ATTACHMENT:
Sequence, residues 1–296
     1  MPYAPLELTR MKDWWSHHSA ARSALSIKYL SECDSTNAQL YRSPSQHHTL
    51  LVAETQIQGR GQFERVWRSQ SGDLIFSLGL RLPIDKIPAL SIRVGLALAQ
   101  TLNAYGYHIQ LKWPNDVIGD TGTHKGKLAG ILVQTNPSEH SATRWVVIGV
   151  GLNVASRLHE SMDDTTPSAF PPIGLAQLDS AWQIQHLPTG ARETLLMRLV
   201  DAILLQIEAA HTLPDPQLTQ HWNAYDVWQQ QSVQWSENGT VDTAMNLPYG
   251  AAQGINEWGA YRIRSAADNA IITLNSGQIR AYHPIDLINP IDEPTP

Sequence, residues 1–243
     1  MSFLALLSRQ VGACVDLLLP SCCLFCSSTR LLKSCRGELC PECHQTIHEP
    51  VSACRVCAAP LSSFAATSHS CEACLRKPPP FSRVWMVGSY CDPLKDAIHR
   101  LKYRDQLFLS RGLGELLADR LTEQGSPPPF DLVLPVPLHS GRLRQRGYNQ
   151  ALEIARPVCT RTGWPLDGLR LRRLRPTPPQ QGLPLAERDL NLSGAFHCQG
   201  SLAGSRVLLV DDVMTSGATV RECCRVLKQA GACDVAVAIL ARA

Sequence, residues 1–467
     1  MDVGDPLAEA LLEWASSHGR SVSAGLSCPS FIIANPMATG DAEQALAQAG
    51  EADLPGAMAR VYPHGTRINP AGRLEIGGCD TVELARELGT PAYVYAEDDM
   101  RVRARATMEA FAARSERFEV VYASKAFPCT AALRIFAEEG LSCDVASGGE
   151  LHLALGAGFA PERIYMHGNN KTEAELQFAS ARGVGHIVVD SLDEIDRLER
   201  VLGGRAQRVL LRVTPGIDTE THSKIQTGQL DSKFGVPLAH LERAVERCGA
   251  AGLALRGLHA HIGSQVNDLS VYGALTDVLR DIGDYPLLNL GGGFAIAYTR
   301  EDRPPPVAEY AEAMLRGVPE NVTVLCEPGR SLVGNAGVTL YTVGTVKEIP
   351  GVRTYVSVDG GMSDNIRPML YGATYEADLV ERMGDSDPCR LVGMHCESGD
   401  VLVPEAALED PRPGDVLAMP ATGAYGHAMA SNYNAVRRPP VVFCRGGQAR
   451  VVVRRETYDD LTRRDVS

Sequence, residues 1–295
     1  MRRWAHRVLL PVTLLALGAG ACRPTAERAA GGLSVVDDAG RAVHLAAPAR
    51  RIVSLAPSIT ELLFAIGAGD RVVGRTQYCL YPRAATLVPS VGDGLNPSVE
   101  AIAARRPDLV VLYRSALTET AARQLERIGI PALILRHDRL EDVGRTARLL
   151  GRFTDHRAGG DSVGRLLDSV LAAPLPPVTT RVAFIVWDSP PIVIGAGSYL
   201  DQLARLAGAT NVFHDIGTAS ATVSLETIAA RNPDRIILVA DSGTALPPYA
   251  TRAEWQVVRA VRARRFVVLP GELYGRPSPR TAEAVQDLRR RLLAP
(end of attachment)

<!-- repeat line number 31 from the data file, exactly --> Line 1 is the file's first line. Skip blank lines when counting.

   251  TRAEWQVVRA VRARRFVVLP GELYGRPSPR TAEAVQDLRR RLLAP